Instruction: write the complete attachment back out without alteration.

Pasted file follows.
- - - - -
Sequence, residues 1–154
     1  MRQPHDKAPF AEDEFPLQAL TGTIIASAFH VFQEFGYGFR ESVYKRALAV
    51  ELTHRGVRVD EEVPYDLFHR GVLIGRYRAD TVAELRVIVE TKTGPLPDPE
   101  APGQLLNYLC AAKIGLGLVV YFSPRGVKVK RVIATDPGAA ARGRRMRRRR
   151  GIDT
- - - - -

Sequence, residues 1–154
     1  MRQPHDKAPF AEDEFPLQAL TGTIIASAFH VFQEFGYGFR ESVYKRALAV
    51  ELTHRGVRVD EEVPYDLFHR GVLIGRYRAD TVAELRVIVE TKTGPLPDPE
   101  APGQLLNYLC AAKIGLGLVV YFSPRGVKVK RVIATDPGAA ARGRRMRRRR
   151  GIDT